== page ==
It is no exaggeration to say that cross-border online shopping is standing at the cusp of the next great leap forward for China’s booming e-commerce sector. The industry recorded sales of over RMB3 trillion (roughly US$483 billion) in the first half of 2014, of which RMB300 billion came from cross-border retailing, according to data from the China E-commerce Research Center. The compound annual growth rate of China’s cross-border e-commerce trade value stood at 31% during 2008-2013, while the total number of cross-border online shoppers exceeded 18 million in 2013, according a Nielsen survey. The growing market has thus attracted many new entrants to share the growing cake.


Chinese internet company NetEase opened its cross-border e-commerce site Kaola for public test on January 8, expanding beyond its home turf as a news portal and email provider. Kaola now offers a variety of products in baby and maternal care, healthcare, personal care and cosmetics, and plans to expand beyond these categories after its formal launch. According product type and users’ requirements, the goods are either shipped from domestic bonded warehouses (taking 1-3 days for delivery) or from overseas directly (which take 7-30 days).

There is no doubt Kaola could pick up users quickly from NetEase’s existing user base. But going beyond that is not the only factor leading to a successful e-commerce platform: other crucial aspects include product management, logistics and supply chain management, for instance.


SF Express, a leading Chinese express logistics company, today launched cross-border e-commerce platform SF Haitao (our translation). The site’s product inventory is similar to that of Kaola, perhaps not surprisingly given that these three are the best sellers across most cross-border platforms in China. In addition to its logistical backing, SF Haitao also promises to offer foreign products, RMB settlement, and Chinese sales service.

Of course, NetEase and SF-express are not the first companies to target this market, which is becoming increasingly competitive with the entrance of new players.

Chinese e-commerce giant Alibaba dubbed 2014 “the year of globalization”. Tmall International, the overseas shopping division of Alibaba’s Tmall marketplace, recorded a ten-fold sales growth between February and November last year. In addition, Alipay and Taobao, the payment and C2C market place of Alibaba, are expanding to Australia, one of the most popular cross-border shopping destinations for Chinese online buyers.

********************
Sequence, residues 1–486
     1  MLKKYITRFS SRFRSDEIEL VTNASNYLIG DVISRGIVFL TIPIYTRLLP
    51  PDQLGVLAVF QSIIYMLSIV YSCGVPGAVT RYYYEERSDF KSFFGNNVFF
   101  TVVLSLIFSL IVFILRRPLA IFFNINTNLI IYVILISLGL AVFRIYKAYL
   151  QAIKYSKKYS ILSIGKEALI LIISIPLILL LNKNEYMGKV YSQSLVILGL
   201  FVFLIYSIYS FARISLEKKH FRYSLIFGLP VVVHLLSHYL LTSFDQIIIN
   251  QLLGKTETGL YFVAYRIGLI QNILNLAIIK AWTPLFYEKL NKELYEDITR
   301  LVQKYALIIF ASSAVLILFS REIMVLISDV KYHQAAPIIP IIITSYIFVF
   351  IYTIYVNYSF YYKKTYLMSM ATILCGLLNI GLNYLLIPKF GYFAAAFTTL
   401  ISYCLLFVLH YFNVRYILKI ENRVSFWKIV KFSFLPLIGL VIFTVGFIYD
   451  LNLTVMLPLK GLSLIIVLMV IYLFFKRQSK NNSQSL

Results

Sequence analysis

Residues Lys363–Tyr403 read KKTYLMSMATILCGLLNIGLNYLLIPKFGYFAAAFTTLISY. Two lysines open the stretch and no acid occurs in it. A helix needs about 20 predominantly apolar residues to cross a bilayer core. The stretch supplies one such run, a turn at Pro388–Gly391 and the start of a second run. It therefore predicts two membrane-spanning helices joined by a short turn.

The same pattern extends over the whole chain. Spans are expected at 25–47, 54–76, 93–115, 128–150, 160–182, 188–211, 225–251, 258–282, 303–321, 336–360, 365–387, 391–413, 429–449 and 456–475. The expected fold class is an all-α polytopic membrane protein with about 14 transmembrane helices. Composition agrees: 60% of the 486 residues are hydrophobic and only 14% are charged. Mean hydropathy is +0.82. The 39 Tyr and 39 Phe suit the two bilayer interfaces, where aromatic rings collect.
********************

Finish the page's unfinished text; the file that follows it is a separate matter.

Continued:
Amazon China opened direct shipping for Chinese cross-border shoppers in October last year, making it more convenient for customers to shop for goods from Amazon stores overseas.

Chinese home appliance retailer Suning also launched its U.S. e-commerce website targeting Chinese cross-border shoppers looking to buy American products.

Moreover, e-commerce platforms dedicated to this sector are evolving rapidly. Metao, the cross-border e-commerce site formerly known as CNTaotao, secured US$30 million of Series B financing led by Vertex Venture in 2014. The company claimed nearly 1 million users with monthly sales of over RMB10 million as of last November. A similar platform Ymatou claimed more than 1 million users and more than 10,000 daily orders, according to Mydrivers.

Editing by Mike Cormack (@bucketoftongues)

Emma Lee (Li Xin) was TechNode's e-commerce and new retail reporter until June 2022, when she moved to Sixth Tone to cover technology and consumption. Get in touch with her via or Twitter.

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